Advertisement
In-depth reviews

Kia Niro review - Interior, design and technology

Conventional crossover styling will be appealing to buyers who don't like the radical Prius

While the boldly styled Toyota Prius wears its eco-friendly credentials on its sleeve, the Kia Niro favours a more low-key approach. With its traditional compact family hatchback proportions, subtly raised ride height and tough-looking black wheelarch surrounds, the Kia follows a template set by fashionable, conventionally powered crossover models. 

It lacks the instant head-turning appeal of a Prius, but this more conventional shape gives the Kia plenty of showroom appeal. Its smattering of off-roader styling cues and less adventurous design approach will be a big draw to buyers who want hybrid efficiency without shouting about it. Better still, the plug-in variant is even more discreet – with the only clues to its 36-mile EV range being an additional filler cap by the nearside front wheel.

Advertisement - Article continues below

Go for the e-Niro, and the big indicator of its purely electric drive is the removal of the hybrid's grille. That leaves a blank piece of bodywork - much like Hyundai has done with its Ioniq and Kona Electrics - and there's a charging socket hidden behind the offset panel in the nose.

The subtle design continues inside, where the Niro feels far more mainstream than a Prius. Yet what it lacks in flair, the interior makes up for with solidity. Everything seems robustly built, while most of the materials have a high-quality look and feel.

Advertisement
Advertisement - Article continues below

For instance, soft-touch plastic covers the top of the dashboard, and the use of gloss black trim inserts and metal-effect air vent surrounds helps give the cabin an upmarket lift. One eco-minded feature is that you can set the climate controls to focus solely on the driver if you're travelling one-up - this is an eco feature that was first seen on the Kia Soul EV.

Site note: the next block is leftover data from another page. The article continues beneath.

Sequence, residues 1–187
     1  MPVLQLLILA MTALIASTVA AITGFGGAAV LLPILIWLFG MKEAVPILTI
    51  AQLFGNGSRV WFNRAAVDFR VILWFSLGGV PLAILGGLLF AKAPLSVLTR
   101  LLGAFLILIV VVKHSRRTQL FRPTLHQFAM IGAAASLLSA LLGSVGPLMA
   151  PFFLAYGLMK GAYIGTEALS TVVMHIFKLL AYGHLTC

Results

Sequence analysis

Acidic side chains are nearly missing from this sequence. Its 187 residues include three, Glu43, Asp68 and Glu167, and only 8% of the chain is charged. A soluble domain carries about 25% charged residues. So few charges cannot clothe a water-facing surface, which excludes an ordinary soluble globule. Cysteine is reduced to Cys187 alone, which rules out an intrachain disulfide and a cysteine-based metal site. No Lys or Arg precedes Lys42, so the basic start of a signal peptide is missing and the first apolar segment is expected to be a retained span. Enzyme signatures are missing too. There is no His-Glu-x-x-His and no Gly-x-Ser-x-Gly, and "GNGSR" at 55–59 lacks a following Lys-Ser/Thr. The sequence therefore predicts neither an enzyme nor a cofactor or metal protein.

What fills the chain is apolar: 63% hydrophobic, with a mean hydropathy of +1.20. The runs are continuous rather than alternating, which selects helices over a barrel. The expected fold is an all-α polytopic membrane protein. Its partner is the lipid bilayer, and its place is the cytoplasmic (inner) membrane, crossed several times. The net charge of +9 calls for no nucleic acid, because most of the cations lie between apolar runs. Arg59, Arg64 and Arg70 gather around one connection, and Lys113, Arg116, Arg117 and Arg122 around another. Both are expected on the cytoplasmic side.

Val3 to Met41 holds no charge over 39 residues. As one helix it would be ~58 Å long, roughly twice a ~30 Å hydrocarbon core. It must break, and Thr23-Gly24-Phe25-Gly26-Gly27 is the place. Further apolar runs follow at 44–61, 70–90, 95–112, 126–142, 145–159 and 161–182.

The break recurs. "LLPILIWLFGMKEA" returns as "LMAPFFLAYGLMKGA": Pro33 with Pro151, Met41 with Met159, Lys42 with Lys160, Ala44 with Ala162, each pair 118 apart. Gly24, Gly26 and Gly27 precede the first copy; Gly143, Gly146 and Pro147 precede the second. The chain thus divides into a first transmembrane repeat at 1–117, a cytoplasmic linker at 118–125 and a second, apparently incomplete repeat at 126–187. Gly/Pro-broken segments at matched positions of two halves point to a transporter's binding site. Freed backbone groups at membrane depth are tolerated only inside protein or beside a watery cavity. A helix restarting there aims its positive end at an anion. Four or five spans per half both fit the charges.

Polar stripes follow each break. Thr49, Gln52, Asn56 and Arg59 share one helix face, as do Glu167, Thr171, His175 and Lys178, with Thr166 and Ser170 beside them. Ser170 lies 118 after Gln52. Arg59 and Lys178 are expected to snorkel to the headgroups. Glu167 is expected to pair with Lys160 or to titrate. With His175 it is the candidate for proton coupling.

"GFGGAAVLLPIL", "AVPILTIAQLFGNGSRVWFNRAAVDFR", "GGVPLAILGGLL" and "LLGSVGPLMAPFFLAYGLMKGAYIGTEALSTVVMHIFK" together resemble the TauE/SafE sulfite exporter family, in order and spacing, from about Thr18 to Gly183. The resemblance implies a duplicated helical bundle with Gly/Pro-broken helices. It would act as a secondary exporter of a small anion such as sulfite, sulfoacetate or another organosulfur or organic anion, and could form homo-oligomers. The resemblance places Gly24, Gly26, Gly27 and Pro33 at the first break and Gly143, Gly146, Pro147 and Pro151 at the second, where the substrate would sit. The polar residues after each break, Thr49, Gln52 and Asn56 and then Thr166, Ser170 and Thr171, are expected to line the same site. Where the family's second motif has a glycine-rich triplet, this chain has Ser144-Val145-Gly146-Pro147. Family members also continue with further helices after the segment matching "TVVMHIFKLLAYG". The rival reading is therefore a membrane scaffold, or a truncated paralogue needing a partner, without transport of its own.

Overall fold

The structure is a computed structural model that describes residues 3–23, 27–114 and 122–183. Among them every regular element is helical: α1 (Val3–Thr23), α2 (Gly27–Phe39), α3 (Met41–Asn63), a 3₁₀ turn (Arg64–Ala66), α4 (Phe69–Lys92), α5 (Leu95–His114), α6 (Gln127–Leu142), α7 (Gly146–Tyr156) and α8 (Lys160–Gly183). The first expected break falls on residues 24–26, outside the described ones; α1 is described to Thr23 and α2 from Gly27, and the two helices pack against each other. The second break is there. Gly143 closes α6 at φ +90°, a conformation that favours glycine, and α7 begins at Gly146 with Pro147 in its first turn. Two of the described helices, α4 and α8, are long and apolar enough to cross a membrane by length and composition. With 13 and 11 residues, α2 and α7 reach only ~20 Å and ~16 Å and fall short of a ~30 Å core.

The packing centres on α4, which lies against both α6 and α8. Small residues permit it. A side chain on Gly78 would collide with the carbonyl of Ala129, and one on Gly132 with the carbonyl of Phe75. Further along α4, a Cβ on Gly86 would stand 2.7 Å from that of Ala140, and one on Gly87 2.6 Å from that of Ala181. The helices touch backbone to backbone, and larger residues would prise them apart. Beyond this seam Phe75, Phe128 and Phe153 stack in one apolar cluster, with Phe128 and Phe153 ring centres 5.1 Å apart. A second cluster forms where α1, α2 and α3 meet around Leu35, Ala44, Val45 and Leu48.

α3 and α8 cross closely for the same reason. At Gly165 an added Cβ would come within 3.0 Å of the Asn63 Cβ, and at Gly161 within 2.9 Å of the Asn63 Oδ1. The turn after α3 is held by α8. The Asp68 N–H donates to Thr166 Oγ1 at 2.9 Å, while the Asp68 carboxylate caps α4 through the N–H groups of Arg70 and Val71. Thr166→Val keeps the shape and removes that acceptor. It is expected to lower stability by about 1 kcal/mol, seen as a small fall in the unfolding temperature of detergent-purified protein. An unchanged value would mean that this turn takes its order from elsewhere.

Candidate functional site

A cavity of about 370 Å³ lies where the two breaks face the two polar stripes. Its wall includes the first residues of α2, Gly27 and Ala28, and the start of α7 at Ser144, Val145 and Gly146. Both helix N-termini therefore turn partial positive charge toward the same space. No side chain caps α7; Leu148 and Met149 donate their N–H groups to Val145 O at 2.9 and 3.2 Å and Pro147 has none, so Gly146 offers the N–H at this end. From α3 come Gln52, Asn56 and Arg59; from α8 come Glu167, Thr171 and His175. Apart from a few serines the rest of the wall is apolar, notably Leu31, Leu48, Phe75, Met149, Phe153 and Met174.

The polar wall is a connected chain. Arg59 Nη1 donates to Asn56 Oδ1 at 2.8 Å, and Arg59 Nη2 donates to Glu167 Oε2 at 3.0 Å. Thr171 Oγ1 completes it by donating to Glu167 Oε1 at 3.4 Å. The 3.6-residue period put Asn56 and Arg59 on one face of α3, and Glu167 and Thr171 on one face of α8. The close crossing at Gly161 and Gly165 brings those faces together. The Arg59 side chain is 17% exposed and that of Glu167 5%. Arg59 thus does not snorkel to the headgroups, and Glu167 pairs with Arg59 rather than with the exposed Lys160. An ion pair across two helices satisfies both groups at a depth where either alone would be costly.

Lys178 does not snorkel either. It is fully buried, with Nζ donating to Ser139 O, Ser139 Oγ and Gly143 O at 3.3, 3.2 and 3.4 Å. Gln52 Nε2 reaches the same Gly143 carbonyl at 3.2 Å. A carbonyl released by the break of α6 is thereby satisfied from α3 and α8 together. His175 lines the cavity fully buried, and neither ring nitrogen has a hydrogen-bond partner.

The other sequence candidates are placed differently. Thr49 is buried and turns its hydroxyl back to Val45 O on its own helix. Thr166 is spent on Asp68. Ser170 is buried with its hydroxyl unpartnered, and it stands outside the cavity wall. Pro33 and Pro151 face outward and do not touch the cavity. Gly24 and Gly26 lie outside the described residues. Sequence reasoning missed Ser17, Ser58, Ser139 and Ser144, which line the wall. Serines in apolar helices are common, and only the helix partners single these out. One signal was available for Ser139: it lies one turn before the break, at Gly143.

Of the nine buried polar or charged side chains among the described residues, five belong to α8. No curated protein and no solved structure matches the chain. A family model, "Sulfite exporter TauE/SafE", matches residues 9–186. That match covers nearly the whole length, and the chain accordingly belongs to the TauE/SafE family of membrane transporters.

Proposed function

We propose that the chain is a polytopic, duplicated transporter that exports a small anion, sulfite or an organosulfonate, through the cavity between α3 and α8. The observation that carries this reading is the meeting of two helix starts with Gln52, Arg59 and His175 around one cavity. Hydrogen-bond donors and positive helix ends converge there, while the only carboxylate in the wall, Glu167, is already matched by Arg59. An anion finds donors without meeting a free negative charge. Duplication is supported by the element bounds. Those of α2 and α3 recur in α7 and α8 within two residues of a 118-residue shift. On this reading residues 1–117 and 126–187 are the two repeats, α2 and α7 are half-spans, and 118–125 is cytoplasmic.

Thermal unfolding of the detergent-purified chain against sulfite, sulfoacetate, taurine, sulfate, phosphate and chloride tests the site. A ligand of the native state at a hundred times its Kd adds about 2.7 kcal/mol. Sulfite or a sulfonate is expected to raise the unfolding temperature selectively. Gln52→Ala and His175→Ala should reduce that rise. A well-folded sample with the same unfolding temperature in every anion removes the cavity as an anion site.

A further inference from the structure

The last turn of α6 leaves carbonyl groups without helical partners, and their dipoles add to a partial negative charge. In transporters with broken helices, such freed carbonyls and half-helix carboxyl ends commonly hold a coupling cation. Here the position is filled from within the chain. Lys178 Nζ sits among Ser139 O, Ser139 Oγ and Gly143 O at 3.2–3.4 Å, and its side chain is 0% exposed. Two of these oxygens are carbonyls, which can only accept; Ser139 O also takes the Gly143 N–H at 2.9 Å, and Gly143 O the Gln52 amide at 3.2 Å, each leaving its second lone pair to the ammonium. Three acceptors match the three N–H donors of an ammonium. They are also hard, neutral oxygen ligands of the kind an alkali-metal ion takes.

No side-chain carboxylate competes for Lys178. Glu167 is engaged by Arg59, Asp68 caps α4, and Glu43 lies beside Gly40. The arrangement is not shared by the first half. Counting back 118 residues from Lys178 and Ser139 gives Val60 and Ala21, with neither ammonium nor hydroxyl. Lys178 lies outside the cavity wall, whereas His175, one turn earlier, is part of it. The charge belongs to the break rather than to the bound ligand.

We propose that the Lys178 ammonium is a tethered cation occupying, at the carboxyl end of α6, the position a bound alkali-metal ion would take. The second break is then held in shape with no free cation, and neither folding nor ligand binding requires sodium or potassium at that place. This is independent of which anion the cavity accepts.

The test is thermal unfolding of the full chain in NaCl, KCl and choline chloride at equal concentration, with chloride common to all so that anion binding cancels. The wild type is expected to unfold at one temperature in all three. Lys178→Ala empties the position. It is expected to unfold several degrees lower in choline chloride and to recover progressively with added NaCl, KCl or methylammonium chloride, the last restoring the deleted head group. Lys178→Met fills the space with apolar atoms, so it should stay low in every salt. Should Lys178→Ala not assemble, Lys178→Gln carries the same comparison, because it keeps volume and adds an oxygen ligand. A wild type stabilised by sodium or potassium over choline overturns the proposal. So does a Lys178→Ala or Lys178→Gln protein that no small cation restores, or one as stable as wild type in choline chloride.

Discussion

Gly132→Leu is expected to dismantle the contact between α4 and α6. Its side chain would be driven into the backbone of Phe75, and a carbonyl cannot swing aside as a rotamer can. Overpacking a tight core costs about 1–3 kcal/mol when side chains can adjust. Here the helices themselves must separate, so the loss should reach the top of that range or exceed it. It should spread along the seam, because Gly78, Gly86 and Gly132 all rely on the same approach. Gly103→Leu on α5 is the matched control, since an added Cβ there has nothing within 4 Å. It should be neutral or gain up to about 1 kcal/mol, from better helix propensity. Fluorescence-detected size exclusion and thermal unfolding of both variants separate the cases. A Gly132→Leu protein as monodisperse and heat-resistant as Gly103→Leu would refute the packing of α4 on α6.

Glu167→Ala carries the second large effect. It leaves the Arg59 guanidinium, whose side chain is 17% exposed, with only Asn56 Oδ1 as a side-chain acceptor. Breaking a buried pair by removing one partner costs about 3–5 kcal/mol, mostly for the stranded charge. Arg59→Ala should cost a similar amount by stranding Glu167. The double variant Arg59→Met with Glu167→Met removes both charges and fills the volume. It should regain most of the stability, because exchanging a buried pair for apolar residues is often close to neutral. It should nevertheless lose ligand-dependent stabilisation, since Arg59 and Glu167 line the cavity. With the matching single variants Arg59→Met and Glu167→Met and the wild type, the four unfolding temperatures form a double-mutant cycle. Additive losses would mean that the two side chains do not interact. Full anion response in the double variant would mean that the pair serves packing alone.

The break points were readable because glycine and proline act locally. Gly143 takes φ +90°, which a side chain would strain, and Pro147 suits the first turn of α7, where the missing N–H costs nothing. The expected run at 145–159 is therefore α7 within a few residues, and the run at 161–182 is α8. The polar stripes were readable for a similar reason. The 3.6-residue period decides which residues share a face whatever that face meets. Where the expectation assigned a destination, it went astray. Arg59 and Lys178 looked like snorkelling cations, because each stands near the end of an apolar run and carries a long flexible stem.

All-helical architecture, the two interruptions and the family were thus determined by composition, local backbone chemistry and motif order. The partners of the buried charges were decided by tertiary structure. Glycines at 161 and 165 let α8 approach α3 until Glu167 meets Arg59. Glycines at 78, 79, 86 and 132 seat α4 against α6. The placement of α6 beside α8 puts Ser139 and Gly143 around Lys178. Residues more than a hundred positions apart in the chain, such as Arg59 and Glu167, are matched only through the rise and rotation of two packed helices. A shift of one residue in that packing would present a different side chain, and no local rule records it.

Sat-nav, stereo and infotainment

The Niro 2 gets a seven-inch touchscreen sat-nav system, while the Niro 3 gets a larger eight-inch nav. Both are pretty easy to get along with, and have clear graphics and straightforward destination input.

The only clue to the Niro’s petrol-electric underpinnings is the unique instrument cluster, which features a full-colour 4.2-inch TFT screen and a power meter in place of the traditional rev counter.

This set-up allows you to monitor the energy flow between the batteries, electric motor, engine and wheels, plus it generates numerous fuel use statistics. And as a bit of fun, there’s a neat graphic that ‘grows’ a tree as you drive more efficiently.

Niro 2 cars get two USB sockets, while the Niro 3 also adds a wireless phone charging pad and eight-speaker JBL sound system with subwoofer in the boot.

Advertisement
Advertisement

Most Popular

SEAT Leon vs Volkswagen Golf vs Ford Focus
Family hatchbacks

SEAT Leon vs Volkswagen Golf vs Ford Focus

The Ford Focus, Volkswagen Golf and SEAT Leon are all long established hatchbacks - we find out which is best among the latest crop
11 Jul 2020
New Skoda Octavia vRS 2020 ride review
Skoda Octavia vRS Hatchback

New Skoda Octavia vRS 2020 ride review

We get our first taste of 242bhp Skoda Octavia vRS with Skoda tech development boss Christian Strube in the driver’s seat
10 Jul 2020
Suzuki Jimny axed from Europe over emissions regulations
Suzuki Jimny - off road
Suzuki Jimny

Suzuki Jimny axed from Europe over emissions regulations

Tightening emissions rules mean the Suzuki Jimny will be pulled from the European market in the coming months
8 Jul 2020